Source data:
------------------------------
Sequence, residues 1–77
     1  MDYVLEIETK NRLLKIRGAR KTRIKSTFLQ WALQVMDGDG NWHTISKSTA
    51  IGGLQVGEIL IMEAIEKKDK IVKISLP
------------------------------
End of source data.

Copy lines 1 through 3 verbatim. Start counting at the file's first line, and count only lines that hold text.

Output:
Sequence, residues 1–77
     1  MDYVLEIETK NRLLKIRGAR KTRIKSTFLQ WALQVMDGDG NWHTISKSTA
    51  IGGLQVGEIL IMEAIEKKDK IVKISLP